THE BLOG
05/28/2013 03:14 pm ET Updated Dec 06, 2017

House of Cards and the African Union

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I have never really paid any attention to the African Union (AU) meetings. I have always thought of a group of African leaders meeting to make each other feel good, maybe display their wealth and make promises no one ever bothers to track or hold anyone accountable for. Guessing from asking around and listening to the news, I am not the only one who has these imaginings.

Again African presidents meet in Ethiopia for this year's AU meeting. What makes this different? Maybe the fact that the organization turns 50 will! It is time to take a serious look at the relevance of this organization fifty years on. Africa and the organization have come a long way indeed since Kwame Nkrumah of Ghana and a number of his compatriots birth the idea of the Organization of African Unity. By this time it is exceedingly clear that Africa may never become the United States of Africa. Agreeing the U.S. of Africa can only live in our fantasies, there are still some things that may be possible. Listening to radio yesterday, a lady made a very important point. She talked about the fact that young people where not represented in this organization.

It is hard to start to talk about the future of Africa without doing it from the lens of young people. Africa has now exceeded the one billion mark -- not a fantastic achievement, considering the landmass, birth rates and the increased levels of health care. What is fantastic is its demographic profile. Africa is the youngest continent. According to many reports, 70 percent of the continent's people are young people. A country like Kenya has a significant amount of its population below the age of 30! It is no wonder Kenya is fast becoming the hub of technology in Africa.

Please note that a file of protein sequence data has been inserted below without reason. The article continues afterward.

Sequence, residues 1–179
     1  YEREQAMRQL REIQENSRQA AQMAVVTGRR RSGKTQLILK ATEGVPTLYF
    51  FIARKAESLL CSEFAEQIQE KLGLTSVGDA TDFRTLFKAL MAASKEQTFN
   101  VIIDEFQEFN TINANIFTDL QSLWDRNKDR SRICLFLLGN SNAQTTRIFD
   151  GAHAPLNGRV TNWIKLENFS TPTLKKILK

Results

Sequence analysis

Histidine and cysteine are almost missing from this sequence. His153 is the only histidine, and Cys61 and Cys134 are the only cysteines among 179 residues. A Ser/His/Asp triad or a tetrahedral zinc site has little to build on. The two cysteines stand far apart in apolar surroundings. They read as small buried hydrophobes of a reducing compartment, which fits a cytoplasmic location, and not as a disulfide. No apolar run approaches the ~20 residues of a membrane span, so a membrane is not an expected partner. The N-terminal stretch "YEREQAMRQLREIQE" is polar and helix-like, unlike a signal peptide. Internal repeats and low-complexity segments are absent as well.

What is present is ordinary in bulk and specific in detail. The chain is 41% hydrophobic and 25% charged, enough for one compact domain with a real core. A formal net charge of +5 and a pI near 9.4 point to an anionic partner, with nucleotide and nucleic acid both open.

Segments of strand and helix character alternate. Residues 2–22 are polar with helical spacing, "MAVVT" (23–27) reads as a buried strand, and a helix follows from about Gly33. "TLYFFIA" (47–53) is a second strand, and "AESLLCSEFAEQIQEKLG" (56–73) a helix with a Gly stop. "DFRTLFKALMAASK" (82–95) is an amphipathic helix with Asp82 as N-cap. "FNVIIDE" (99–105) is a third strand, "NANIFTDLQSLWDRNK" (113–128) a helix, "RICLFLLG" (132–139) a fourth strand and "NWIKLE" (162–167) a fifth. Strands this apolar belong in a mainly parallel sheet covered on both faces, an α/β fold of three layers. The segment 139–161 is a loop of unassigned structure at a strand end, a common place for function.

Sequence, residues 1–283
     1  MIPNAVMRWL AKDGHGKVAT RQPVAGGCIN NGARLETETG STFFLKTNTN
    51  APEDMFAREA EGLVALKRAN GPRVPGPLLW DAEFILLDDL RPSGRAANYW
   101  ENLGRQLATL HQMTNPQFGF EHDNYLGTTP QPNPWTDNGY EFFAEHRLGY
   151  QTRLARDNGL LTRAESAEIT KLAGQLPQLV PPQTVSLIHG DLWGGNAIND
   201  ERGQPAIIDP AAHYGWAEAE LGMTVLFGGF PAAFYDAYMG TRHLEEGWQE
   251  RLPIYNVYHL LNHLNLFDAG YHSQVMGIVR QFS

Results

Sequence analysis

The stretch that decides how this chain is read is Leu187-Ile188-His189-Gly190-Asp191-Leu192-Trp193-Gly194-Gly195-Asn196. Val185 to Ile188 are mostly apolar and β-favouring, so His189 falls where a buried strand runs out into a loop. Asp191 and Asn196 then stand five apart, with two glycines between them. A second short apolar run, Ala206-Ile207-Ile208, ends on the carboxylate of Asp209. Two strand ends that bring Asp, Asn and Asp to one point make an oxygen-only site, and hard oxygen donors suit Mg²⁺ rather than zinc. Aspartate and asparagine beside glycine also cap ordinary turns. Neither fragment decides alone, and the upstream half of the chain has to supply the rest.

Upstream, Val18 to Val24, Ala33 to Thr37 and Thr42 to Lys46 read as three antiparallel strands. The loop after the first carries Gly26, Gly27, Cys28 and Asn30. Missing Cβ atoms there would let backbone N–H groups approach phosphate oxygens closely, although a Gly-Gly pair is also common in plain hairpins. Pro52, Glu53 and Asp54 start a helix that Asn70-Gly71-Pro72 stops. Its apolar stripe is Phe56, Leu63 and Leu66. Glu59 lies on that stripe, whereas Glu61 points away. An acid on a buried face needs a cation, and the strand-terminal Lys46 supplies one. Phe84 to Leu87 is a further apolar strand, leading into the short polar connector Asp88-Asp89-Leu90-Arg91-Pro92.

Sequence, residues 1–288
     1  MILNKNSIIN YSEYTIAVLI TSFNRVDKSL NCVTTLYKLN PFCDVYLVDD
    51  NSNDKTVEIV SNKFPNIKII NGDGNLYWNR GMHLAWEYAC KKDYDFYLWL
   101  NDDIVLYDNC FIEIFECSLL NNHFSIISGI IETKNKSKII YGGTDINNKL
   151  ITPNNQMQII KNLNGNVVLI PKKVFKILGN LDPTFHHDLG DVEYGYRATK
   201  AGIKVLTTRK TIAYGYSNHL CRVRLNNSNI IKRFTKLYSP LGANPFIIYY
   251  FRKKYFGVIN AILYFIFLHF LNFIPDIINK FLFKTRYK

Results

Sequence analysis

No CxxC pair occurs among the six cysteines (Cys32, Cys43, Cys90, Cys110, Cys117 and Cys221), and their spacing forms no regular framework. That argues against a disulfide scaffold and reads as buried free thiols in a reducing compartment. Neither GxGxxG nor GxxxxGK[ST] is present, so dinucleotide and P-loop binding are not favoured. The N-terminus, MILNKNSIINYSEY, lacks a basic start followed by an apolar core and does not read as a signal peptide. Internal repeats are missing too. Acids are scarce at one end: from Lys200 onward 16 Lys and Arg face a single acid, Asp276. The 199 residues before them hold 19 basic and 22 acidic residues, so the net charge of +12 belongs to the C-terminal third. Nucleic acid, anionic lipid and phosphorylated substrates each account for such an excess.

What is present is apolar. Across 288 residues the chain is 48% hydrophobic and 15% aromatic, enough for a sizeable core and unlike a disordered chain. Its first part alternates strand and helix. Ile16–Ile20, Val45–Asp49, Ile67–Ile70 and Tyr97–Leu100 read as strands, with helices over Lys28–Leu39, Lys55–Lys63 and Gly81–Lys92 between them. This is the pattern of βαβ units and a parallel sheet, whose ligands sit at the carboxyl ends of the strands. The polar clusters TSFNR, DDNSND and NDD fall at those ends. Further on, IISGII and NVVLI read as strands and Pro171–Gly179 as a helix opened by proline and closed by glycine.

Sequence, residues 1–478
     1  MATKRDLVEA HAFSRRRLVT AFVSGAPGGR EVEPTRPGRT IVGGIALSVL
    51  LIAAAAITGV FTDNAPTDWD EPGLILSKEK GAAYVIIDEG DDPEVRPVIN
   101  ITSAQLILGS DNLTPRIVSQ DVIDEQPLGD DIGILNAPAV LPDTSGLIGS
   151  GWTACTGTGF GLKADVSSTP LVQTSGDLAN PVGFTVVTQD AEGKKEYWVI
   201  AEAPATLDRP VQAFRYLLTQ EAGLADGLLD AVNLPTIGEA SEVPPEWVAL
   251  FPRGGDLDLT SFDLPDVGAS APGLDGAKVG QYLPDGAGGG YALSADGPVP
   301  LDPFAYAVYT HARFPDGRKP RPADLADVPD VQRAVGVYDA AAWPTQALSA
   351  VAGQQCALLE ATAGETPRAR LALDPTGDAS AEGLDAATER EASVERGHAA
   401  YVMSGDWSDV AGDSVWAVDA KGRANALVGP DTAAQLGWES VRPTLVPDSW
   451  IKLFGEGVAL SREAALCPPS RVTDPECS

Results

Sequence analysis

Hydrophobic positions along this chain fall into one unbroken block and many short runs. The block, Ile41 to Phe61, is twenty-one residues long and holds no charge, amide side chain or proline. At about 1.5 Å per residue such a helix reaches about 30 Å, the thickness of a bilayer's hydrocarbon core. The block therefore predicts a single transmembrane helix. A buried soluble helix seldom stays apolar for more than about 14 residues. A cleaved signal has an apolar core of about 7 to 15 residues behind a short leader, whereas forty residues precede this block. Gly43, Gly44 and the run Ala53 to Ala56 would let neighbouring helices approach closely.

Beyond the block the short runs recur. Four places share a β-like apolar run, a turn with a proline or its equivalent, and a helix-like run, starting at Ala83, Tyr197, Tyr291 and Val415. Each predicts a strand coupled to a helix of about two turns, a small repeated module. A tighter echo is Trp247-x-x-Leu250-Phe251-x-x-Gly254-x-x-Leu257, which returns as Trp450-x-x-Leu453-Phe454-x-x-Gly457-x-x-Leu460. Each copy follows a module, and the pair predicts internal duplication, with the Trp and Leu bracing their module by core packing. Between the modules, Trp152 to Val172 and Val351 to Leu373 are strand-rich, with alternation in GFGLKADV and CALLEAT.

Young people mean young minds that can be innovative, a healthy workforce, more contribution to industry, less strain on the health sector, etc. As other countries will attest to, having an aging population does no good for the economy, or the health care system.

There is another side of the coin though; the massive elephant in the room that African leaders must begin to address -- the problem of education and unemployment. The failure of academia to match education to industry needs to be addressed.

According to World Bank report on Ghana, 60 percent of its youth are unemployed, though Ghana has one of the highest literacy rates on the continent. Many countries have failed to consider the changing demographics, globalization, the opportunities of foreign direct investments, etc. It is ironical therefore that despite Ghana being one of the fastest growing economies in the world, averaging 7 percent, Sosthenis, a graduate with two master's degree from the University of Ghana, has remained unemployed since his graduation. Sosthenis has a wife and two kids. His difficulty may partly be due to the gaps in his skill sets as perceived by Industry. Consequently, job interview upon interview, he is turned down. Imagine him, and then imagine more than half of the people you meet being like him or worse.

As industry struggles and grapples to meet human resource demands, and the gaps in skill sets, many young people wallow in the desert of unemployment.

Observers have described this situation as a ticking time bomb!

Over the weekend of May 25, critical issues of trade and regional integration as well as governance will be high on the agenda. ECOWAS and other regional bodies, and the laying of fiber optic cables to link many countries, have all showed clear benefits and the importance of this focus, but we must begin to ask ourselves how Africans will take advantage of the trade amongst nations and not abuse it. On the West Coast for instance, integration has lead to increased crime in Ghana as it opens its borders to its neighbors, ultimately raising tensions, which might then lead to tightening of regulations that counter regional integration!

Is this a house of cards?

Well-tuned education will fuel innovation and entrepreneurship, reduce unemployment, ensure the sustainability of economic growth and good governance and decrease corruption, as individuals see a clear path to self empowerment and economic independence. Lessons from Asian countries like Singapore may be timely. It invested in education and its people, with the clear understanding that it is "people, people, people!"

We have all seen the recent unfortunate weather disasters around the world lately. Imagine being in a house of cards when one comes your way.

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